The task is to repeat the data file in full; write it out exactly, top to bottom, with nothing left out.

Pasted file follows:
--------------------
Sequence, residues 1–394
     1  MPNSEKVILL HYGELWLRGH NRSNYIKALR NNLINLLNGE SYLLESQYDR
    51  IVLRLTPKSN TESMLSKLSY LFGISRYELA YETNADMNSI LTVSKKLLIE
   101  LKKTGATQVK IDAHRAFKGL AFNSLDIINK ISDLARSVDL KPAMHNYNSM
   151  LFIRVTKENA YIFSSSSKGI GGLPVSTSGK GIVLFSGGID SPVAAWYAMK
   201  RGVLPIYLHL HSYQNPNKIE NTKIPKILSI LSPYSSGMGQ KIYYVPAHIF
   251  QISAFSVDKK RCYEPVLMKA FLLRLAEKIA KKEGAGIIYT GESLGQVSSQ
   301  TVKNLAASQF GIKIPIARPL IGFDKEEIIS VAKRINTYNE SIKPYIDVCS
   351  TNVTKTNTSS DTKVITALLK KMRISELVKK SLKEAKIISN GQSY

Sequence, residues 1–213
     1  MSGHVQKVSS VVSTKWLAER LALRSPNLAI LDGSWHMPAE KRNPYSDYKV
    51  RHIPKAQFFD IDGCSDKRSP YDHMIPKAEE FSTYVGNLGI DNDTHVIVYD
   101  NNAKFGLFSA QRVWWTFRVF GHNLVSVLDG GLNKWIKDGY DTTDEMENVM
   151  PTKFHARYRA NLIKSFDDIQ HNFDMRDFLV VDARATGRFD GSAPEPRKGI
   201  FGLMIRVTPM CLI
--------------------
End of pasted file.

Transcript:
Sequence, residues 1–394
     1  MPNSEKVILL HYGELWLRGH NRSNYIKALR NNLINLLNGE SYLLESQYDR
    51  IVLRLTPKSN TESMLSKLSY LFGISRYELA YETNADMNSI LTVSKKLLIE
   101  LKKTGATQVK IDAHRAFKGL AFNSLDIINK ISDLARSVDL KPAMHNYNSM
   151  LFIRVTKENA YIFSSSSKGI GGLPVSTSGK GIVLFSGGID SPVAAWYAMK
   201  RGVLPIYLHL HSYQNPNKIE NTKIPKILSI LSPYSSGMGQ KIYYVPAHIF
   251  QISAFSVDKK RCYEPVLMKA FLLRLAEKIA KKEGAGIIYT GESLGQVSSQ
   301  TVKNLAASQF GIKIPIARPL IGFDKEEIIS VAKRINTYNE SIKPYIDVCS
   351  TNVTKTNTSS DTKVITALLK KMRISELVKK SLKEAKIISN GQSY

Sequence, residues 1–213
     1  MSGHVQKVSS VVSTKWLAER LALRSPNLAI LDGSWHMPAE KRNPYSDYKV
    51  RHIPKAQFFD IDGCSDKRSP YDHMIPKAEE FSTYVGNLGI DNDTHVIVYD
   101  NNAKFGLFSA QRVWWTFRVF GHNLVSVLDG GLNKWIKDGY DTTDEMENVM
   151  PTKFHARYRA NLIKSFDDIQ HNFDMRDFLV VDARATGRFD GSAPEPRKGI
   201  FGLMIRVTPM CLI